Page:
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2.8 RichInt#to

6 replies
nilskp
Joined: 2009-01-30,
User offline. Last seen 1 year 27 weeks ago.
I've noticed that in 2.8, RichInt implicit to now returns just Range instead of Range.Inclusive. Any reason for that?
It's problematic to me because I have parameters that need to be Range.Inclusive and I now cannot use the "1 to 5" syntax. Furthermore it seems to violate the principle of return values being as specific as possible, i.e. I'm losing type information.
dcsobral
Joined: 2009-04-23,
User offline. Last seen 38 weeks 5 days ago.
Re: 2.8 RichInt#to
While I generally agree with all the principles, I don't think they apply to Range.Inclusive. Since Range is an integer range class, the only difference between an inclusive range and one which is exclusive on the upper bound is the parameters used to create the range. That being the case, I consider externalizing "inclusive" is exposing private data, and, therefore, personally approve of the change.   Note that Range.Inclusive has been deprecated, so you can use "1 to 5" -- what you can't, or shouldn't, use is Range.Inclusive.
On Tue, Sep 1, 2009 at 10:47 AM, Nils Kilden-Pedersen <nilskp [at] gmail [dot] com> wrote:
I've noticed that in 2.8, RichInt implicit to now returns just Range instead of Range.Inclusive. Any reason for that?
It's problematic to me because I have parameters that need to be Range.Inclusive and I now cannot use the "1 to 5" syntax. Furthermore it seems to violate the principle of return values being as specific as possible, i.e. I'm losing type information.



--
Daniel C. Sobral

Something I learned in academia: there are three kinds of academic reviews: review by name, review by reference and review by value.
nilskp
Joined: 2009-01-30,
User offline. Last seen 1 year 27 weeks ago.
Re: 2.8 RichInt#to
On Tue, Sep 1, 2009 at 9:43 AM, Daniel Sobral <dcsobral [at] gmail [dot] com> wrote:
While I generally agree with all the principles, I don't think they apply to Range.Inclusive. Since Range is an integer range class, the only difference between an inclusive range and one which is exclusive on the upper bound is the parameters used to create the range. That being the case, I consider externalizing "inclusive" is exposing private data, and, therefore, personally approve of the change.   Note that Range.Inclusive has been deprecated, so you can use "1 to 5" -- what you can't, or shouldn't, use is Range.Inclusive.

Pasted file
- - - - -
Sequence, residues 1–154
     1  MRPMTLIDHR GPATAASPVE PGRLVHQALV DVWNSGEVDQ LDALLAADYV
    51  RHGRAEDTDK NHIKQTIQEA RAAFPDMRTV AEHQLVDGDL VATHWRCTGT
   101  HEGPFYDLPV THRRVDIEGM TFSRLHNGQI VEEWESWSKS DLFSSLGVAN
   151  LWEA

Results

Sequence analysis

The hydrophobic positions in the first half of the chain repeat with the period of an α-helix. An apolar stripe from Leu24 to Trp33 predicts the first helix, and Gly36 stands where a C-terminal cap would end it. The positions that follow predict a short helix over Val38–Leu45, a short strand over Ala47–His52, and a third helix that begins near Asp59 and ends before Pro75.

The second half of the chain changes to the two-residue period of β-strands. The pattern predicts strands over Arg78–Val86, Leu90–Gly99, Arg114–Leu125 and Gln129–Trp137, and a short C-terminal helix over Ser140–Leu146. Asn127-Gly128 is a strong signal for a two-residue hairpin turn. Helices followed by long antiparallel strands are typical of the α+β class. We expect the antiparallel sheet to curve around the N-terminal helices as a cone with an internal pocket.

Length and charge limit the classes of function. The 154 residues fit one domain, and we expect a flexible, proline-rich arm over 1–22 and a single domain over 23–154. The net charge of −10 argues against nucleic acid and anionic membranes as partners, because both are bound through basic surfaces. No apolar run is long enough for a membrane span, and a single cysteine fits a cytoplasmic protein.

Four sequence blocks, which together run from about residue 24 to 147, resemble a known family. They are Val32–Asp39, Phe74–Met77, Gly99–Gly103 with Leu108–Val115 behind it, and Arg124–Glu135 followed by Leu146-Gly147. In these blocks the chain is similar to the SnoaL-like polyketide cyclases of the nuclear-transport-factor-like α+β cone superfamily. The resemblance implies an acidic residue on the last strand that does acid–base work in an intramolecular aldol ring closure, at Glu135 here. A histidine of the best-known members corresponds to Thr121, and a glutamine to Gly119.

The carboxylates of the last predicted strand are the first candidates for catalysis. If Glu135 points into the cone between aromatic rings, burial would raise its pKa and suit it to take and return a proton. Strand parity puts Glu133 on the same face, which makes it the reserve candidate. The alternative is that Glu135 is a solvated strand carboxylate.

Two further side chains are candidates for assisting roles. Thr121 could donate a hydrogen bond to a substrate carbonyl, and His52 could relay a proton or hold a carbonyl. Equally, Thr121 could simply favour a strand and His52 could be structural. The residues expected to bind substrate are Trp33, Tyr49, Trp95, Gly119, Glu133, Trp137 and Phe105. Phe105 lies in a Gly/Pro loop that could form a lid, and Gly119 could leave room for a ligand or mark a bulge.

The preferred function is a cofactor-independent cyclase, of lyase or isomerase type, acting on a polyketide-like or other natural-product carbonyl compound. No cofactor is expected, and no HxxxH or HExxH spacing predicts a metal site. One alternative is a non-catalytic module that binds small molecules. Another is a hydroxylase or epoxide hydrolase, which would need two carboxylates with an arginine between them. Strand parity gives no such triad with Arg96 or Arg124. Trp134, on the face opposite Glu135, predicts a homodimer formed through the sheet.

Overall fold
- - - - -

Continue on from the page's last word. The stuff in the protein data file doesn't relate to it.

So if I require an inclusive range, I'm left with no choice but to runtime check it? Seems odd for a type-safe language.
Ricky Clarkson
Joined: 2008-12-19,
User offline. Last seen 3 years 2 weeks ago.
Re: 2.8 RichInt#to

Can you explain why you require an inclusive range?

2009/9/1 Nils Kilden-Pedersen :
> On Tue, Sep 1, 2009 at 9:43 AM, Daniel Sobral wrote:
>>
>> While I generally agree with all the principles, I don't think they apply
>> to Range.Inclusive. Since Range is an integer range class, the only
>> difference between an inclusive range and one which is exclusive on the
>> upper bound is the parameters used to create the range. That being the case,
>> I consider externalizing "inclusive" is exposing private data, and,
>> therefore, personally approve of the change.
>>
>> Note that Range.Inclusive has been deprecated, so you can use "1 to 5" --
>> what you can't, or shouldn't, use is Range.Inclusive.
>>
>
> So if I require an inclusive range, I'm left with no choice but to runtime
> check it? Seems odd for a type-safe language.
>

David Flemström
Joined: 2009-08-10,
User offline. Last seen 42 years 45 weeks ago.
Re: 2.8 RichInt#to
p, li { white-space: pre-wrap; }Is there a situation where you need to be able to tell the difference?


Please remember that "1 to 5" (inclusive) yields exactly the same thing as "1 until 6" (exclusive), so I really don't understand why you would want to force an user to use an inclusive range.


On Tuesday 01 September 2009 17:07:44 Nils Kilden-Pedersen wrote:
> On Tue, Sep 1, 2009 at 9:43 AM, Daniel Sobral <dcsobral [at] gmail [dot] com> wrote:
> > While I generally agree with all the principles, I don't think they apply
> > to Range.Inclusive. Since Range is an integer range class, the only
> > difference between an inclusive range and one which is exclusive on the
> > upper bound is the parameters used to create the range. That being the
> > case, I consider externalizing "inclusive" is exposing private data, and,
> > therefore, personally approve of the change.
> >
> > Note that Range.Inclusive has been deprecated, so you can use "1 to 5" --
> > what you can't, or shouldn't, use is Range.Inclusive.
>
> So if I require an inclusive range, I'm left with no choice but to runtime
> check it? Seems odd for a type-safe language.

David Flemström
david [dot] flemstrom [at] gmail [dot] com
Colin Bullock
Joined: 2009-01-23,
User offline. Last seen 42 years 45 weeks ago.
Re: 2.8 RichInt#to
Once the range has been created, what's the difference between inclusive and exclusive (given that it's integer-based)?

scala> val r1 = 1 to 5
r1: Range = 1, 2, 3, 4, 5

scala> val r2 = 1 until 6
r2: Range = 1, 2, 3, 4, 5

scala> r1 == r2
res0: Boolean = true

- Colin
nilskp
Joined: 2009-01-30,
User offline. Last seen 1 year 27 weeks ago.
Re: 2.8 RichInt#to
On Tue, Sep 1, 2009 at 10:14 AM, Ricky Clarkson <ricky [dot] clarkson [at] gmail [dot] com> wrote:
Can you explain why you require an inclusive range?

Because it fits the semantics of what I'm trying to do.

But ok, I get the point.

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